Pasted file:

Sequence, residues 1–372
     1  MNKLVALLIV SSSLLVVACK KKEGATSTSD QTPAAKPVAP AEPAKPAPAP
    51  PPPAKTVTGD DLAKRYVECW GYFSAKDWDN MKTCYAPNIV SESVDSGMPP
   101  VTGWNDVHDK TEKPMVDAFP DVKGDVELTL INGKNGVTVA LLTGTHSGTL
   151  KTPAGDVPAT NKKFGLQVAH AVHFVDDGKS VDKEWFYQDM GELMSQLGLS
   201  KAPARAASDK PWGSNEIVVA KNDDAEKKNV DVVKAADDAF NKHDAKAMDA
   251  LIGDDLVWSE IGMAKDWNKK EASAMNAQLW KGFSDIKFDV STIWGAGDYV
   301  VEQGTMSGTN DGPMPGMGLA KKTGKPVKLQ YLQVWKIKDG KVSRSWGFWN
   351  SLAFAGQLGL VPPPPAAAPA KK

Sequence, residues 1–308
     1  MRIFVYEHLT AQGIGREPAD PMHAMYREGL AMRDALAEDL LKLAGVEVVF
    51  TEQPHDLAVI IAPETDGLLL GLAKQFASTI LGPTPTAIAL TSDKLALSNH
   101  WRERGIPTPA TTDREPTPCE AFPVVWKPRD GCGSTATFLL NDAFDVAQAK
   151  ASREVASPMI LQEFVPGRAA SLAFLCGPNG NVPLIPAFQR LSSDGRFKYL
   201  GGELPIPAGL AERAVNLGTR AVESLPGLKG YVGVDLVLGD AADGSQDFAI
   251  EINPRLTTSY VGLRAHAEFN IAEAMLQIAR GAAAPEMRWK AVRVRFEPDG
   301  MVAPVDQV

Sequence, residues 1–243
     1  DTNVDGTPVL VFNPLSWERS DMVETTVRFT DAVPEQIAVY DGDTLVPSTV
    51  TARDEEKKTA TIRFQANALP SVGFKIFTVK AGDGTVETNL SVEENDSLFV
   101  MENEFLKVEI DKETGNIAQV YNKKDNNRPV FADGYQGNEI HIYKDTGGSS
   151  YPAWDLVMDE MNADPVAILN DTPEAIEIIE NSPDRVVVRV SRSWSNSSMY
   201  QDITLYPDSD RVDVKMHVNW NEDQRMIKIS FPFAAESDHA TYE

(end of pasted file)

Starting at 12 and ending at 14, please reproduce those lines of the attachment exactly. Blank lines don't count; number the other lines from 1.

    51  TEQPHDLAVI IAPETDGLLL GLAKQFASTI LGPTPTAIAL TSDKLALSNH
   101  WRERGIPTPA TTDREPTPCE AFPVVWKPRD GCGSTATFLL NDAFDVAQAK
   151  ASREVASPMI LQEFVPGRAA SLAFLCGPNG NVPLIPAFQR LSSDGRFKYL